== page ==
Insight wrote:
As a counterpoint, here are over a dozen powers from the Pathfinder Playtest that I might describe as "too flowery":

Okay, I'll organize these by type and explain why these are not quite the same thing.

The following are Monk Feats, which are a bit of an exception to this whole problem for many people (indeed, people generally think Monk Feats should have some of this flavor):

Tiger Slash
Whirling Throw
Tangled Forest Stance

The following are directly descriptive, not flowery:

Dragon Totem Breath
Revealing Stab
Felling Strike
Incredible Follow-up
Stalker's Shot
Sense the Unseen
Twist the Knife
Cognitive Loophole

In all cases, they do almost literally what the Feat name says they do (Cognitive Loophole lets you find cognitive loopholes in spells, Sense The Unseen lets you sense the unseen, Twist The Knife has you literally twist the weapon you're using in the wound, Dragon Totem Breath directly gives you a breath weapon, Felling Strike literally knocks people over, and so on).

The following are actually Spells or magical effects (which nobody objects to having flowery names):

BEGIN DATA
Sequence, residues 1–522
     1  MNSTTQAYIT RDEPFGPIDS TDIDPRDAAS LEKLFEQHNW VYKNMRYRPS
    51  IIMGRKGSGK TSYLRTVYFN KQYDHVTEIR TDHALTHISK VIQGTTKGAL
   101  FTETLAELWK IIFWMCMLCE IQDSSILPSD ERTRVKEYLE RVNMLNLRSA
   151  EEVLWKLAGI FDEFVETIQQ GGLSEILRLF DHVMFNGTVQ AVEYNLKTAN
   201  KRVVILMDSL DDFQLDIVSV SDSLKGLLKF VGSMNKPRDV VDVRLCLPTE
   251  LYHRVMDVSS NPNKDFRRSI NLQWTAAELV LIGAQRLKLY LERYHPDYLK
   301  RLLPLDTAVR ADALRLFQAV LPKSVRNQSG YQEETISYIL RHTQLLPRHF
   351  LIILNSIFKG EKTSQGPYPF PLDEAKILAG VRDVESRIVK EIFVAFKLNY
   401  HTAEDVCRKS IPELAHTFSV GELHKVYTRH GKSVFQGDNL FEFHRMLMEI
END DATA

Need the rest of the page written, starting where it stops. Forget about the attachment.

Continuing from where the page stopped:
Dirge of Doom
Storm Retribution
Verdant Metamorphosis
Blade of Justice
Glutton's Jaws
Ancestral Surge
Call of the Grave

That leaves the following:

Come and Get Me
Predator's Pounce
Quaking Stomp

Which I do not find especially flowery, now that you mention it, though I suppose it's a matter of definition. They're certainly not directly descriptive, I'll grant you, but none of them seem even close to on par with 'Indomitable Battle Strike' or 'Exorcism of Steel' for floweriness (note: Indomitable Battle Strike does not make you resistant to things, Exorcism of Steel does not actually exorcise anything).

Insight wrote:
If I threw "Tide of Iron" in there, it would not be out of place. And not all of those powers, not even some of the martial ones, are "At-will" but rather limited to once per minute or other frequency.

It would be very out of place as a non-magical Fighter Feat, which was rather my point. It'd be fine as a Spell (including a Spell Point/Focus Spells effect...maybe one for Gorum), and might be okay as a certain kind of Monk Feat, but would be quite a bit off thematically from the other Fighter Feats.

Insight wrote:
Listen, I obviously can't easily discredit all of your critiques against 4e (vis a vis PF 2), but this one in particular is low-hanging fruit.

This is actually not my critique. I care very little about it to be honest. I just understand those who do, and think it's a reasonable critique to have under the circumstances.

And it's a critique of presentation. Of perception. It was seen as true by a large percentage of the fanbase, and helped 4E to not sell as well. Was it 100% accurate at all times? No. But it was true enough that I can see why people felt it was jarring and understand what they objected to.